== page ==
Puccini’s Gianni Schicchi directed by Woody Allen

Our rating 
3.0 out of 5 star rating 3.0

WORKS: Gianni Schicchi
PERFORMER: Plácido Domingo, Andriana Churchman, Arturo Chacón-Cruz; La Opera Orchestra/Grant Gershon; dir. Woody Allen
CATALOGUE NO: 88985315089


It’s a curious mix, New York angst embracing Florentine swagger, and doubts about the wisdom of the Los Angeles Opera inviting Woody Allen to direct Puccini’s one-act comedy linger long after the final curtain call. It’s clear from the fake screen credits – with a cast led by Tonio Salmonella and Oriana Fellatio, directed by Luigi Impetigo – accompanied by a rousing rendition of ‘Funiculì, Funiculà’, that Allen sees the piece as a slice of Italian cinema (Fellini’s spivs in I vitelloni or the boys in Bicycle Thieves). 

So the set has that cluttered chaos one associates with 1950s bourgeois movie interiors (no hint of Dante’s city to honour the poet who fathered Schicchi’s story in his Inferno). At the back of the stage, Brunelleschi’s great dome holds sway over the Florentine skyline; down front there’s a four-poster bed for the dead Buoso, washing on a line, and endless ill-assorted tables and chairs for the venal relatives to dance around as they set about changing the will. Heavy drapes, too, to hide the plotters who are hardly the familiar stereotypes we expect in Gianni Schicchi. Allen’s casual naturalism sits uncomfortably with these essentially commedia characters.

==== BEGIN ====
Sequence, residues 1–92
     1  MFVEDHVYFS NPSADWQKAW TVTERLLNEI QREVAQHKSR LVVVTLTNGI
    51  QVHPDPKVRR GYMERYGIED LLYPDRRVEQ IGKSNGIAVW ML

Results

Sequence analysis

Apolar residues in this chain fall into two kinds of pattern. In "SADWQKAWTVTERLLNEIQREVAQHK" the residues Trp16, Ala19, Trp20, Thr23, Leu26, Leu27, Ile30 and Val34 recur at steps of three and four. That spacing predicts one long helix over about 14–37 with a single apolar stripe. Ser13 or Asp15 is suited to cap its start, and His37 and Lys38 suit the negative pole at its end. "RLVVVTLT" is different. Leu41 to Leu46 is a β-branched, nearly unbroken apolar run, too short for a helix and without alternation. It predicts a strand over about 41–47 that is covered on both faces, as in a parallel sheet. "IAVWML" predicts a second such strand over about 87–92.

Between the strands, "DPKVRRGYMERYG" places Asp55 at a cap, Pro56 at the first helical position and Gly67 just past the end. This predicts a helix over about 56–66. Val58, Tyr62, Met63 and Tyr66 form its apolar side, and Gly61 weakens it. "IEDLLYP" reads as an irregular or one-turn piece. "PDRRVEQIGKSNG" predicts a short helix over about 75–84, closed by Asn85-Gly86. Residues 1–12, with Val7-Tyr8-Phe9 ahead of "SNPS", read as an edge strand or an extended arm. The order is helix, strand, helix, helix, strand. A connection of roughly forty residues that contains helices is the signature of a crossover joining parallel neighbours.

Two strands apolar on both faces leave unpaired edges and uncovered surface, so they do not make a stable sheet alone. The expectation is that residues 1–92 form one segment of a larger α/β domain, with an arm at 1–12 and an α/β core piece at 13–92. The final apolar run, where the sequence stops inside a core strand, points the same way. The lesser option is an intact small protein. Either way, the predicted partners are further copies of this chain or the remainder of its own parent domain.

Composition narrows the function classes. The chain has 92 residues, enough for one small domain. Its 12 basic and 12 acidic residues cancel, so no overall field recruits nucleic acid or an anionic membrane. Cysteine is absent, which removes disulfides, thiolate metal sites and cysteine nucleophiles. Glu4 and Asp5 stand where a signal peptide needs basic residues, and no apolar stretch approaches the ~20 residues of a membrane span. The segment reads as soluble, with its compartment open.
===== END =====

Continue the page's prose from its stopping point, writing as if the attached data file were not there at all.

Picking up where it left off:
Adriana Chuchman is a luscious Lauretta, Arturo Chacón-Cruz suitably hang dog as Rinuccio and Meredith Arwady’s Zita the Jewish mother from hell; but it’s Plácido Domingo’s Schicchi that the audience have come to see. What they get is not a buffo master, but a heroic baritone moved by feelings as much as artfulness. Draped in the kind of striped suit that gives Little Italy tailors a bad name, one cannot but admire Domingo. It’s magnificent but it really isn’t Gianni Schicchi.


Christopher Cook